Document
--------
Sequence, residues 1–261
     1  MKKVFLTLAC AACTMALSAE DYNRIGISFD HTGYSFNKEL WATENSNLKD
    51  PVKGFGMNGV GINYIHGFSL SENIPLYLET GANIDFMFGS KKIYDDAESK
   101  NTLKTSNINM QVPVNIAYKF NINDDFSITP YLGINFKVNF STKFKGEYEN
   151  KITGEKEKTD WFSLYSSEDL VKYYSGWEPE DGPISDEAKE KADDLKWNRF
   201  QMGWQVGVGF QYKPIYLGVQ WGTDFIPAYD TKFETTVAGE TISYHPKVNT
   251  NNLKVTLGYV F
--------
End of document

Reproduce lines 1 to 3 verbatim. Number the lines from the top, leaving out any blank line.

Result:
Sequence, residues 1–261
     1  MKKVFLTLAC AACTMALSAE DYNRIGISFD HTGYSFNKEL WATENSNLKD
    51  PVKGFGMNGV GINYIHGFSL SENIPLYLET GANIDFMFGS KKIYDDAESK